In a rather bold move, Norway will become the first country in the world to ban the use of fossil-based oil to heat buildings. The prohibition will apply to both new and old buildings, including private homes and businesses, and publicly owned facilities.
According to recent statistics, some 80,000 Norwegian homes and 20,000 more nonresidential buildings in Norway are heated with fossil-based oil. Those buildings will have two years and a few months to replace their heating equipment before the ban goes into effect in 2020.
The Norwegian government is hopeful that the upcoming ban will reduce the country’s overall carbon dioxide emissions by around 340,000 tons per year. This is compared to the nation’s overall missions of 53.9 million tons in 2015. Norway wants to make major cuts in emissions of greenhouse gases by 2030, thanks to the Paris climate agreement. However, Norway’s emissions were actually around 3% higher than they had been in the 90s last year, while by contrast, Sweden had made significant cuts in their emissions.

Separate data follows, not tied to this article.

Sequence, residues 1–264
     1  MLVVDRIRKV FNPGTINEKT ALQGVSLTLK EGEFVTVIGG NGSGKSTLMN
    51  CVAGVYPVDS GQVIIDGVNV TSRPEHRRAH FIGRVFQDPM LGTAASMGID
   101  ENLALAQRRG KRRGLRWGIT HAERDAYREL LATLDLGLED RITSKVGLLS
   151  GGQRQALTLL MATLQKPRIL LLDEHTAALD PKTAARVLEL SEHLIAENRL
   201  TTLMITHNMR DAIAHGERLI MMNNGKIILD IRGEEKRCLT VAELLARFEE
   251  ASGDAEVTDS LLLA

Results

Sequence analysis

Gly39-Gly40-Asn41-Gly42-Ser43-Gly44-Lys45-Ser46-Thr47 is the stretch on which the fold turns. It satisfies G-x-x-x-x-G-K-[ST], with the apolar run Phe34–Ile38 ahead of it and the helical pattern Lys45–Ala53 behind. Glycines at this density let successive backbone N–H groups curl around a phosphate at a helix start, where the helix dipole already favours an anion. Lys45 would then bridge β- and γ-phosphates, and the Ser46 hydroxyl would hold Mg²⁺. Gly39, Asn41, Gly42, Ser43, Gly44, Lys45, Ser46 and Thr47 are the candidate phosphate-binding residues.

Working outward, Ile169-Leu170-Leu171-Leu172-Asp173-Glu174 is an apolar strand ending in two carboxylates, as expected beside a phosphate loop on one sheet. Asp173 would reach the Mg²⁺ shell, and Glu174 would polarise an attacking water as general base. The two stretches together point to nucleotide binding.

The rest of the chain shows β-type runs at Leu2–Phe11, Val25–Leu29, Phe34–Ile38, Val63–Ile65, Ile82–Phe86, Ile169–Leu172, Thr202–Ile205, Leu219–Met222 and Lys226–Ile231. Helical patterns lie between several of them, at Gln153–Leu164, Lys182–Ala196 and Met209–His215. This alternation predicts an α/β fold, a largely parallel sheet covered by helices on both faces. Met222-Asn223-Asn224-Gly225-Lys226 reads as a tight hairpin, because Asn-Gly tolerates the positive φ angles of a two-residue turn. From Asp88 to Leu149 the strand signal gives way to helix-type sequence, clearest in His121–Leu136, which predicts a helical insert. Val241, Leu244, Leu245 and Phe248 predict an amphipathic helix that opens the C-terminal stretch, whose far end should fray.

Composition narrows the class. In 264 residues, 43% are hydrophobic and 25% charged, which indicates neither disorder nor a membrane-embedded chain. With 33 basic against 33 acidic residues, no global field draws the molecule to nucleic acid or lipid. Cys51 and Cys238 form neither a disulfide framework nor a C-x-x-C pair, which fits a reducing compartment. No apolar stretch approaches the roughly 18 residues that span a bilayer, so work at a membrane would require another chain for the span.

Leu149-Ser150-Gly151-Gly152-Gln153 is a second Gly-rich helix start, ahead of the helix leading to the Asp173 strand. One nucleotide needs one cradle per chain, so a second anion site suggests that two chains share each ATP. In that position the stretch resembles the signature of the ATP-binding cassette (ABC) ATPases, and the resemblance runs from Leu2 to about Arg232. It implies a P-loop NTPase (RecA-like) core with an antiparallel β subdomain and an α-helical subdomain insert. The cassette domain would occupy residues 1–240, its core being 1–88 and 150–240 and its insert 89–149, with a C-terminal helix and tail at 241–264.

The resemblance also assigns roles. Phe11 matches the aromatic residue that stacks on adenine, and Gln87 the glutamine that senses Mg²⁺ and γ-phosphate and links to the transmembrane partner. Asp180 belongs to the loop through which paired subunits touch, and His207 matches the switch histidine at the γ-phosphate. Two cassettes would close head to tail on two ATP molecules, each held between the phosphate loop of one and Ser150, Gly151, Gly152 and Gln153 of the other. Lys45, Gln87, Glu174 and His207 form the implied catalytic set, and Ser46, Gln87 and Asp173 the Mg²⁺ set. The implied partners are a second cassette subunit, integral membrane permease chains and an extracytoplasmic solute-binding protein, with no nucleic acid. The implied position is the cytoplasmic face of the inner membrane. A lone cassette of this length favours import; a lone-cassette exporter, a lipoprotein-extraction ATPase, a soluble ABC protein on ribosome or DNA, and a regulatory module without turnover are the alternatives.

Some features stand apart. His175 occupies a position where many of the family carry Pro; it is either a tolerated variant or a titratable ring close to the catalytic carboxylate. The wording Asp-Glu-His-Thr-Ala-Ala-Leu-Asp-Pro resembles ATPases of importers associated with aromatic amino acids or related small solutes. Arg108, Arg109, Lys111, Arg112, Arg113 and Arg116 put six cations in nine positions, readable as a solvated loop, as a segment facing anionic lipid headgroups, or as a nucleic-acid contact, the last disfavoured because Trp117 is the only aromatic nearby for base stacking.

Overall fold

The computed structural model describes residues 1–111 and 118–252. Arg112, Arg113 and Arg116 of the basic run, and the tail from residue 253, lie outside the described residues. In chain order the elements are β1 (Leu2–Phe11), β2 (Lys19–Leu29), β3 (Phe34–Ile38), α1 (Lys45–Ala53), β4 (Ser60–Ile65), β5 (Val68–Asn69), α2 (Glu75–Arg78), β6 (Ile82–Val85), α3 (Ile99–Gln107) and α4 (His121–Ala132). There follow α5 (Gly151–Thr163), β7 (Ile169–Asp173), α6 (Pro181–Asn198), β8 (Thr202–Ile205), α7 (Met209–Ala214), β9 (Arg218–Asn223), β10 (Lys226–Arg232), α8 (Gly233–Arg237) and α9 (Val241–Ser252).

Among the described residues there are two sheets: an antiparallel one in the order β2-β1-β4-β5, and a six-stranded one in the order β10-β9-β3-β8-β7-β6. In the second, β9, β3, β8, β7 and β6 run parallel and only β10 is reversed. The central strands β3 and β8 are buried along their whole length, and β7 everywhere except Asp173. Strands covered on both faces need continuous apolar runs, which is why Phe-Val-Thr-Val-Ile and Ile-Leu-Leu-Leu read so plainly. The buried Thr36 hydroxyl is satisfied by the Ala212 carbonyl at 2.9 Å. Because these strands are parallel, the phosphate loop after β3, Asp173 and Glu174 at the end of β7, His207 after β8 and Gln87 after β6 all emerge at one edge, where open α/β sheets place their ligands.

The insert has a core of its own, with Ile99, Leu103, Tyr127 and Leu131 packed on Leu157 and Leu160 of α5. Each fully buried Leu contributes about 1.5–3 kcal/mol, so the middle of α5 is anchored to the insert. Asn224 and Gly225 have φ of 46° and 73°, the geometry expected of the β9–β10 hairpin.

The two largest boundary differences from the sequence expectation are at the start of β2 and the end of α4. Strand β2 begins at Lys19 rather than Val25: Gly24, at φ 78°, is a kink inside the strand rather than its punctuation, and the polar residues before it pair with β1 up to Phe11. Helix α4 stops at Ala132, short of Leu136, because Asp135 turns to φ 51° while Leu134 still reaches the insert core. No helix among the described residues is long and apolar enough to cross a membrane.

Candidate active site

Norway’s Environment Minister Vidar Helgesen shed more details on the transition.
“Those using fossil oil for heating must find other options by 2020,” Helgesen said. “Recommended alternatives to oil-based products include heat pumps, electricity from the country’s hydroelectric grid and even special stoves burning wood chips. Additional measures could include limitations on the use of natural gas for heating.”
Wood was the primary heating fuel in Norway until the 1950s, though there was competition from coal in some urban centers. From the 1970s onwards heating oil, and to a larger extent electricity, were the primary resources which heated Norwegian homes.
Currently, buildings are responsible for around 40% of energy consumption and 40% of CO2 emissions around the globe. By changing how buildings are designed, constructed and maintained to more energy efficient and climate friendly models, the building construction sector has a significant role to play in combating climate change.